On the Similarities Between New York City, 1933, and New York City, 2010

“‘You are fed up with the city and its teeming millions. The ways and means of men, as getting and lending and spending, you lay waste your inner world, are too much with you. The bus takes too long, while the subway is always crowded. So what do you do? So you buy a farm and walk behind your horse’s moist behind, no collar or tie, plowing your broad swift acres. As you turn up the rich black soil, the wind carries the smell of pine and dung across the fields and the rhythm of an old, old work enters your soul. To this rhythm, you sow and weep and chivy your kine, not kin or kind, between the pregnant rows of corn and taters. Your step becomes the heavy sexual step of a dance-drunk Indian and you tread the seed down into the female earth. You plant, not dragon’s teeth, but beans and greens… .
    ‘Well, what do you say, my friend, shall it be the soil?’
    Miss Lonelyhearts did not answer. He was thinking of how Shrike had accelerated his sickness by teaching him to handle his one escape, Christ, with a thick glove of words.
    ‘I take your silence to mean that you have decided against the soil. I agree with you. Such a life is too dull and laborious. Let us now consider the South Seas:
‘You live in a thatch hut with the daughter of the king, a slim young maiden in whose eyes is an ancient wisdom. Her breasts are golden specked pears, her belly a melon, and her odor is nothing so much as a jungle fern. In the evening, on the blue lagoon, under the silvery moon, to your love you croon in the soft sylabelew and vocabelew of her langorour tongorour. Your body is golden brown like hers, and tourists have need of the indignant finger of the missionary to point you out. They envy you your breech clout and carefree laugh and little brown bride and fingers instead of forks. But you don’t return their envy, and when a beautiful society girl comes to your hut in the night, seeking to learn the secret of your happiness, you send her back to her yacht that hangs on the horizon like a nervous racehorse. And so you dream away the days, fishing, hunting, dancing, swimming, kissing, and picking flowers to twine in your hair… .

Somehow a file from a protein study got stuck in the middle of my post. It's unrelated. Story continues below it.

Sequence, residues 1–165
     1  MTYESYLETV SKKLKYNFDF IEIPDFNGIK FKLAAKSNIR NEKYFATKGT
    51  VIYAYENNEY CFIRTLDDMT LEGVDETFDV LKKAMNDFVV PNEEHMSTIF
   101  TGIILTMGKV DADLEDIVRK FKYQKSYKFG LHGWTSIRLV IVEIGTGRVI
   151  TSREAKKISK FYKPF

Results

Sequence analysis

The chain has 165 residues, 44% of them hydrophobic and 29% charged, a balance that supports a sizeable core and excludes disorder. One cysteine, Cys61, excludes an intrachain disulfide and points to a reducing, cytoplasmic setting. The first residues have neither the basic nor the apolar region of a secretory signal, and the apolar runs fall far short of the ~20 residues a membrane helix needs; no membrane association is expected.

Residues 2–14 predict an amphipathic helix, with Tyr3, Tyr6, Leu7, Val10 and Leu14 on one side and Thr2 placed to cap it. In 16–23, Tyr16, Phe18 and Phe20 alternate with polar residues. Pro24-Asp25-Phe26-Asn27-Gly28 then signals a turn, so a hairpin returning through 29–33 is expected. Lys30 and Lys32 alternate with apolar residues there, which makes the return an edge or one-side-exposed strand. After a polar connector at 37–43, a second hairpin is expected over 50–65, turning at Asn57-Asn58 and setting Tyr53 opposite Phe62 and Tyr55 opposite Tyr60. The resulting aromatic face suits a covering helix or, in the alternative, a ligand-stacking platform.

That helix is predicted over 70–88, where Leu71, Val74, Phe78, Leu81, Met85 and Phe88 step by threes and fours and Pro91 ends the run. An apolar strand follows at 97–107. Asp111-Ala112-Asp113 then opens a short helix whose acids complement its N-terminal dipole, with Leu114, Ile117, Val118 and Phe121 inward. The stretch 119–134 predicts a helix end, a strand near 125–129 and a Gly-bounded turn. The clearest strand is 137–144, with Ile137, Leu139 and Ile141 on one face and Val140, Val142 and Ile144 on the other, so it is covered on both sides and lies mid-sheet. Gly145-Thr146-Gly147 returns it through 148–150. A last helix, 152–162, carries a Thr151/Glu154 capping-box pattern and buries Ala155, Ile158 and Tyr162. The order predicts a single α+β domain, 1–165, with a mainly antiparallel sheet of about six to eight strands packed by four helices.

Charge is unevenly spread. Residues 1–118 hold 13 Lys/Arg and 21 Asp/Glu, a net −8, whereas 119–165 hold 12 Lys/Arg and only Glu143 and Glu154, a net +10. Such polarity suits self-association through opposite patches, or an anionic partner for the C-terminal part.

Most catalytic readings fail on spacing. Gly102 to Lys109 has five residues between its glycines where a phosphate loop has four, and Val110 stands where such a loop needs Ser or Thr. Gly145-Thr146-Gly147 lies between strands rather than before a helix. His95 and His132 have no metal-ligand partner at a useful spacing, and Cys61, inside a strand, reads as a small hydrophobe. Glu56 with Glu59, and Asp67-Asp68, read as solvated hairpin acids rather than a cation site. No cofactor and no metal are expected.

‘Well, my friend, what do you think of the South Seas?’
    Miss Lonelyhearts tried to stop him by making believe that he was asleep. But Shrike was not fooled.
    ‘Again silence,’ he said, ‘and again you are right. The South Seas are played out and there’s little use in imitating Gauguin. But don’t be discouraged, we have only scratched the surface of our subject. Let us now examine Hedonism, or take the cash and let the credit go… .
    ‘You dedicate your life to the pursuit of pleasure. No over-indulgence, mind you, but knowing that your body is a pleasure machine, you treat it carefully in order to get the most out of it. Golf as well as booze, Philadelphia Jack O’Brien and his chest-weights as well as Spanish dancers. Nor do you neglect the pleasures of the mind. You fornicate under pictures by Matisse and Picasso, you drink from Renaissance glassware, and often you spend an evening beside the fireplace with Proust and an apple. Alas, after much good fun, the day comes when you realize that soon you must die. You keep a stiff upper lip and decide to give a last party. You invite all your old mistresses, trainers, artists and boon companions. The guests are dressed in black, the waiters are coons, the table is a coffin carved for you by Eric Gill. You serve caviar and blackberries and licorice candy and coffee without cream. After the dancing girls have finished, you get to your feet and call for silence in order to explain your philosophy of life. "Life,” you say, “is a club where they won’t stand for squawks, where they deal you only one hand and you must sit in. So even if the cards are cold and marked by the hand of fate, play up, play up like a gentleman and a sport. Get tanked, grab what’s on the buffet, use the girls upstairs, but remember, when you throw box cars, take the curtain like a dead game sport, don’t squawk.” …